Q: Please help! Neither my local Mazda dealer nor independents can come up with a solution to the problem with my 2006 Mazda Tribute. Not always, but every so often, the remote will not lock the doors, will not unlock the doors, and then I cannot start the car. After much manipulation of the remote, open and closing doors, etc., it finally works. I have purchased new remotes, changed batteries in remotes, but nothing helps. Sure hope you can help; it is mighty frustrating.
A: Did either service agency plug in a scan tool to check for fault codes? If not, this is the first step. A search of my ALLDATA automotive database found that if codes B1300 or B2111 are stored in memory the problem is with the power door lock circuits, possibly a short to ground. B2425 would indicate that the RKE — remote keyless entry — transmitter is out of sync with the smart junction box (SJB). This can occur if the RKE button is pushed a number of times when outside the range of the transmitter. To resynchronize the rolling code system, with the key off press any button on the RKE four times within 30 seconds. The SJB and/or its connections might be at fault.
When the vehicle will not start, do you notice the security warning light on the dash? The PATS — passive anti-theft system — on this vehicle has an anti-scan feature that prevents attempts to enter or start the vehicle with some type of rolling code generator. If a damaged, uncoded or incorrect key is used to switch the ignition on, the PATS system will prevent the vehicle from starting and flash the security light rapidly for 60 seconds, then flash a fault code. If you have two keys, switch the ignition off after the security light has flashed rapidly for 20 seconds, remove the key and insert the other key. Turn the ignition on, then off, then try to start the car. If it starts, the first key was not programmed properly.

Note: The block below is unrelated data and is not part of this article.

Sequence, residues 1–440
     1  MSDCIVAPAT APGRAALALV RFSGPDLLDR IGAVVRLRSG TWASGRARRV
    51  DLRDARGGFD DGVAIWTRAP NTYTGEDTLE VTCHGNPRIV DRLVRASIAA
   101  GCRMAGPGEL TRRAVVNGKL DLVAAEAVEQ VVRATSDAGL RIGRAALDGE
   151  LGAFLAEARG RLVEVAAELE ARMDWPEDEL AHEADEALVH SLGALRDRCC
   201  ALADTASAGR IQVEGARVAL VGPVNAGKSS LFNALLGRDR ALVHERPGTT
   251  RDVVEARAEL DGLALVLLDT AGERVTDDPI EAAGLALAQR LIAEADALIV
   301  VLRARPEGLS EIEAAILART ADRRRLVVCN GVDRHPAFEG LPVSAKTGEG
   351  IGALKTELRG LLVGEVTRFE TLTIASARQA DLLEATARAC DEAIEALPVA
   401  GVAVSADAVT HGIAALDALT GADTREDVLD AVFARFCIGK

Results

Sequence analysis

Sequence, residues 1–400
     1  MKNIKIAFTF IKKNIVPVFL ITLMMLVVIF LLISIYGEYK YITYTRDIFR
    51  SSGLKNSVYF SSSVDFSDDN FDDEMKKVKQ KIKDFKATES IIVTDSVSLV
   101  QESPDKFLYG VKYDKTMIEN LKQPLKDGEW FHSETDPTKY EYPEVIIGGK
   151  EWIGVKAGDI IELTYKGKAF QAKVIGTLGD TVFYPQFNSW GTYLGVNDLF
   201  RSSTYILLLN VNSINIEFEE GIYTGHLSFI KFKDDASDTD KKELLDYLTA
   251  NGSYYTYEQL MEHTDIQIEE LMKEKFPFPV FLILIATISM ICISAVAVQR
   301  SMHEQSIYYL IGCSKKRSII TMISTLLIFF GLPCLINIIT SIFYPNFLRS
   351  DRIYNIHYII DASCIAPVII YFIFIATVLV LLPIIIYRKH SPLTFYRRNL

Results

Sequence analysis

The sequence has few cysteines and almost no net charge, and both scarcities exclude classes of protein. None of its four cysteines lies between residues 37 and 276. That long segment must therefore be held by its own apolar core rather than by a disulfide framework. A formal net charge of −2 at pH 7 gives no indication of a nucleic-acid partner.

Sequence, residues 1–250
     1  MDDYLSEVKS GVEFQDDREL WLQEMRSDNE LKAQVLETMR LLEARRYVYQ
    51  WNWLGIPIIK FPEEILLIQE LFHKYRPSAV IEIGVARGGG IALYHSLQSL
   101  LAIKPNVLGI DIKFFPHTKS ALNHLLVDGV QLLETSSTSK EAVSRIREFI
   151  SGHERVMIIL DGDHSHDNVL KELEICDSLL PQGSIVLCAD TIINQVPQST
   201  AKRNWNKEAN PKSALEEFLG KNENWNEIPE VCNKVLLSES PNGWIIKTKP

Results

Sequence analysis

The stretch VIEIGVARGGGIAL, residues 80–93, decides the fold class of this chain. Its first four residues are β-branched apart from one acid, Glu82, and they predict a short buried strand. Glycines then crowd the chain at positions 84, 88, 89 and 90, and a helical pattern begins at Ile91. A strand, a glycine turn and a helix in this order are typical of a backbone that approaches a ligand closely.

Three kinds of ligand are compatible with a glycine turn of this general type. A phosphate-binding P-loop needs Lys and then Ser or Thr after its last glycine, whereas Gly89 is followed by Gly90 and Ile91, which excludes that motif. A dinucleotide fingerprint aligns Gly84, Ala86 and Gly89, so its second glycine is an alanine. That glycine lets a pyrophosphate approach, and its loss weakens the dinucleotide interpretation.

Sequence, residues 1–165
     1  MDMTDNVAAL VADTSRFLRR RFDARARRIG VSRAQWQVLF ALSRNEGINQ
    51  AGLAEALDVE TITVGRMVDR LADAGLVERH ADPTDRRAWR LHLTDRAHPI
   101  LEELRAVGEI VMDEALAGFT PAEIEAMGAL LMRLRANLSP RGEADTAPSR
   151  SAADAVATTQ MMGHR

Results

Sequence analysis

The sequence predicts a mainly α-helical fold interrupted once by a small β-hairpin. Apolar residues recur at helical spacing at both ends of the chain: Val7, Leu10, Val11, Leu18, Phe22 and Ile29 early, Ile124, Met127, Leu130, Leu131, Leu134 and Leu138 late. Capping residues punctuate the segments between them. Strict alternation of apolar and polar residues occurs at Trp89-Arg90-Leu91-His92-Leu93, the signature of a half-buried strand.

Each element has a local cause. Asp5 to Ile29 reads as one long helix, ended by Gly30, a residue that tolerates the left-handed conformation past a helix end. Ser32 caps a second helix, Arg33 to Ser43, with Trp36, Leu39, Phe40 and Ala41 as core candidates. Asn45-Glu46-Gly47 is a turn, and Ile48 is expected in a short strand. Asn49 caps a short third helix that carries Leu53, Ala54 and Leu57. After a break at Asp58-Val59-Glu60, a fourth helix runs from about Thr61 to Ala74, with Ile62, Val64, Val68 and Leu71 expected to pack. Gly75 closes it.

Q: My 2010 Buick LaCrosse intermittently will not shift from Park to Reverse. The shift is on the console. The dealer says he has no clue as to how to fix this. GM, via online computer conversation, had no clues. I am now preventing this problem by always placing the car's parking brake on before taking my foot off the brake to turn the car off. What is going on?
A: The most likely cause, and one the dealer should have investigated, is a problem with the shift lock solenoid located in the shift console. This safety system is designed to prevent the vehicle from starting unless the shifter is in Park and the driver's foot is on the brake pedal. Here's how it works: With the ignition switch on and the foot brake applied, the BCM — body control module — supplies voltage to the permanently grounded shift lock solenoid. The solenoid actuates, unlocking the shift lever to allow you to shift out of Park.
So, it would seem logical that either the brake pedal switch is not telling the BCM that your foot is on the brake pedal during an attempted start, or the BCM voltage signal to the shift lock solenoid is failing to reach or activate the solenoid.
Q: I read your comment that you change oil more frequently than recommended by the manufacturer. Why? Isn't it wasteful to change oil more often, wasting both money and oil? On what do you base your recommendation?
A: Simple answer: it's MY vehicle, not the manufacturer's. The cost of this "extra" maintenance is far, far less than the cost of premature engine problems due to sludge from lubricant oxidation, contamination, fuel dilution or additive depletion. Are any of these likely to happen? No. Do they happen? Yes. Who pays for repairs, lost value, etc.? Carmakers? No. Me? Yes.
And the "prematurely" changed oil is not wasted, it is recycled. In fact, I often re-use it in my small-engine equipment.